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News focus: National Conveyancing Week – digital property passport under scrutiny

By Monidipa Fouzder >>

(18 March 2024)

National Conveyancing Week saw the Digital Property Market Steering Group unveil the first major piece of work in its action plan to speed up the home moving process.

The draft Digital Property Information Protocol aims ‘to exploit the benefits of digital services’. According to the 10-page document, the protocol would ensure that ‘digital, trustable and interoperable’ property data would be collected and shared by all relevant parties and systems involved in a transaction.

Information and prescribed documents to be collated include energy performance certificates, evidence of title and environmental information. Where available, the protocol states, property transaction data should be accessed digitally from its primary source.

Recommendations for the seller’s conveyancer include identity verification and anti-money laundering checks upon instruction. Estate agents marketing the property should receive a summary of any material information that might affect the buyer’s decision.

Recommendations for the buyer’s conveyancer include requesting the material information on which the offer was based and providing a draft financial statement as soon as possible on the likely cost of completion.

The protocol is intended to sit alongside the Law Society Conveyancing Protocol. And even when one party or stakeholder does not agree to adopt it, that does not prevent its use by the other stakeholders or party.

Announcing the draft protocol this week, HM Land Registry’s deputy chief executive Mike Harlow highlighted the advances in availability of information since the 1862 Land Registry Act marked the government’s first attempt to record property ownership information. ‘What we have now is a lot more information and compliance requirements,’ he said.

The Land Registration Act 2002 – designed to enable e-conveyancing – ‘tried to establish a more seamless process for everyone sharing information across whole transactions’, Harlow said. But that ambition has yet to be achieved, despite a number of false starts.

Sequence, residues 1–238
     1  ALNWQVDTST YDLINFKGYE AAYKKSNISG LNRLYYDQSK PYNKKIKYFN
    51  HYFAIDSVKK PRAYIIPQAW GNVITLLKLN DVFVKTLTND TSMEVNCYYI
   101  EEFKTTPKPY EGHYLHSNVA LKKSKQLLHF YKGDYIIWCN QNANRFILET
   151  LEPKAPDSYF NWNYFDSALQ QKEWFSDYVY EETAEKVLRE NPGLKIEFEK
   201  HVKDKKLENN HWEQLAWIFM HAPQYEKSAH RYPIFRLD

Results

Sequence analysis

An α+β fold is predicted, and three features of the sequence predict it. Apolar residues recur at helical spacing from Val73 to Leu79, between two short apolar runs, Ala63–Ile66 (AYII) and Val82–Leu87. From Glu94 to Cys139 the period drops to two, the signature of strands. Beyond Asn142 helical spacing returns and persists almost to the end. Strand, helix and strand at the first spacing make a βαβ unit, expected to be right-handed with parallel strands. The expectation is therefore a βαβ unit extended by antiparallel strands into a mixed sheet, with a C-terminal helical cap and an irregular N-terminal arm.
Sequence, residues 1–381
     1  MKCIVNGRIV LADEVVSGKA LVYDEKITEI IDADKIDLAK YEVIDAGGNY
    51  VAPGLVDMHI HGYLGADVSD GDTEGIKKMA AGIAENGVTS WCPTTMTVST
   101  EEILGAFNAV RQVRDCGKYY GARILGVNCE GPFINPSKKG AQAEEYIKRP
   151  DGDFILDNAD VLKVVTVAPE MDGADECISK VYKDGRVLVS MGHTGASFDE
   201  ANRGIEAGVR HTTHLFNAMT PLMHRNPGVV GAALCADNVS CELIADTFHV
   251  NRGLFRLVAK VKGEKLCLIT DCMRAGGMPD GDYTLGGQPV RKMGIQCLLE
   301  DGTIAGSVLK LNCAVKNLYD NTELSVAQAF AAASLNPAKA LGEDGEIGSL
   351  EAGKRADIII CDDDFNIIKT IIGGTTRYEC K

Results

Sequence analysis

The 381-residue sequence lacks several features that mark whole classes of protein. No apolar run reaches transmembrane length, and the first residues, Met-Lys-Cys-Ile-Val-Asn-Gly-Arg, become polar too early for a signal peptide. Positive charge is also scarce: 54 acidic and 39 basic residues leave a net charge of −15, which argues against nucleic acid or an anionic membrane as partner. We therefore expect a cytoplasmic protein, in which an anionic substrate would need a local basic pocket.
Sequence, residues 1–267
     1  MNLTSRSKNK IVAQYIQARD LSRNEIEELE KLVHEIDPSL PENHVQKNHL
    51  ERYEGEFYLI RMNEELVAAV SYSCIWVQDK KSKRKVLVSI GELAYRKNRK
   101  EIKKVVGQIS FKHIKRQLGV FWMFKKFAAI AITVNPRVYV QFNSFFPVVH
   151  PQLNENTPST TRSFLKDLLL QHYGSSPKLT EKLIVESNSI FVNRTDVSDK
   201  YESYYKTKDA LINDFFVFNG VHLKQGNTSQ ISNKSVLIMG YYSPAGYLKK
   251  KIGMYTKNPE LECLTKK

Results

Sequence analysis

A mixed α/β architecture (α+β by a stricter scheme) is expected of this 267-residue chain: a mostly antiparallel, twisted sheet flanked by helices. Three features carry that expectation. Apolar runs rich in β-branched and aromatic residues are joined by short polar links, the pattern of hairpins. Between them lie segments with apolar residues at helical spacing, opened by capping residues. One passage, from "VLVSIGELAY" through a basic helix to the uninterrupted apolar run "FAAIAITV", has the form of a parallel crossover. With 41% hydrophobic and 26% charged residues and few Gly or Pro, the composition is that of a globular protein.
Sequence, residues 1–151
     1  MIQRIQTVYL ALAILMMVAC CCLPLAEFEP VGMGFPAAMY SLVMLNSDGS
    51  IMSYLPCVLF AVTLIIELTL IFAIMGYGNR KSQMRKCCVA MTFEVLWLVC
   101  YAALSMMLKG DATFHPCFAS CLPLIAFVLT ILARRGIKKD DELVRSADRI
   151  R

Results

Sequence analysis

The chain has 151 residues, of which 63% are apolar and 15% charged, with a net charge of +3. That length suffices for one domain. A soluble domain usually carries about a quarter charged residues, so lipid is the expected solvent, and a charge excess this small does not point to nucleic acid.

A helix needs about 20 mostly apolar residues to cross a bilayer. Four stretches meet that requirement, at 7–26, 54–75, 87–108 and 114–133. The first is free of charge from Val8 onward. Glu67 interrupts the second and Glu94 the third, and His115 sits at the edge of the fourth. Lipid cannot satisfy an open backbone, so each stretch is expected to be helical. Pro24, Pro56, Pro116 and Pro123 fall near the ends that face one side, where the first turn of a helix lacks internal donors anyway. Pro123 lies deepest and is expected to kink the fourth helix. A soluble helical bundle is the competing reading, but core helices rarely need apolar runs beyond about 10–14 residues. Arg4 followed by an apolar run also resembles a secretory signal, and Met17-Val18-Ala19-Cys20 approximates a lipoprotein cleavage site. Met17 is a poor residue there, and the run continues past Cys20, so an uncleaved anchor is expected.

Harlow said: ‘If everyone knows as much as needs to be known about the property – the parties, the terms of the deal, its progress – at all times, if that picture is shared, if everyone has that same information and that information is as good as it can be, then think how much faster things would happen… No one has to chase anyone because everyone can see what stage the process is at.’

Kate Faulkner, chair of the Home Buying and Selling Group, said the work on information-sharing is being carried out to the same standards adopted by the financial services industry in the move into open banking. ‘It has to be because there are lenders involved. The level we are trying to get it right is about as high as it can be,’ she said.

But noting that no dataset will ever be 100% correct, Faulkner said: ‘We have to look at how we protect the industry. That might be insurance or something else’.

Another issue is market fluctuation. Faulkner believes it unfair ‘to ask this industry, through no control of its own, to move 800,000 people one year, then 1.6 million the next, when it takes five years or more to train and have the knowledge that conveyancers, surveyors and agents need… I do not know anyone that can go through [pandemic peak year] 2021 again’.

However, the steering group still has plenty to do to persuade conveyancers that its digital market will move conveyancing in the right direction.

‘Many conveyancers have left due to progressive overload and, quite frankly, many more are on their way out – is that why you are going for AI/digitisation?’ one attendee at National Conveyancing Week asked.

Another said: ‘It is argued that the human element struggles with communication in the conveyancing process. That is now made worse with the vast variety of stakeholders who maintain they have the software solutions to communicate with each other as well.’

Gazette reader comments also reflected scepticism. ‘The tech is to act as a “tool” in the conveyancer’s armoury, not as a replacement,’ one argued. Others cited the unhappy experience of the mandatory home information pack, introduced by the Housing Act 2004 and abolished by the coalition government in 2010.

The steering group wants to know if its protocol will help conveyancing teams learn what is available to them, what they can expect from other stakeholders, and what is needed to ensure everyone involved in the home buying and selling process collaborates effectively.

The survey closes on 1 April.

(Courtesy: The Law Society Gazette)